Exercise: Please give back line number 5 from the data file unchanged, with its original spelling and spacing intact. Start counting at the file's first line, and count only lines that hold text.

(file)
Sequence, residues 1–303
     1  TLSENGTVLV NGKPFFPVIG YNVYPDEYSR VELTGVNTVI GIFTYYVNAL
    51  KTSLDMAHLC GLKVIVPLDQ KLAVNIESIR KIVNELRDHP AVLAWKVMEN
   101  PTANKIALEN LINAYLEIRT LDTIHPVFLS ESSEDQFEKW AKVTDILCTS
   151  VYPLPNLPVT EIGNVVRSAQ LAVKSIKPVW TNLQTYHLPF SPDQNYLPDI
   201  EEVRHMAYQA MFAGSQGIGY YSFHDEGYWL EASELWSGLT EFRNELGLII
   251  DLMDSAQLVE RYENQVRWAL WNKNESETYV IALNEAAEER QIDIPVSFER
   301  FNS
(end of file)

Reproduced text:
   151  VYPLPNLPVT EIGNVVRSAQ LAVKSIKPVW TNLQTYHLPF SPDQNYLPDI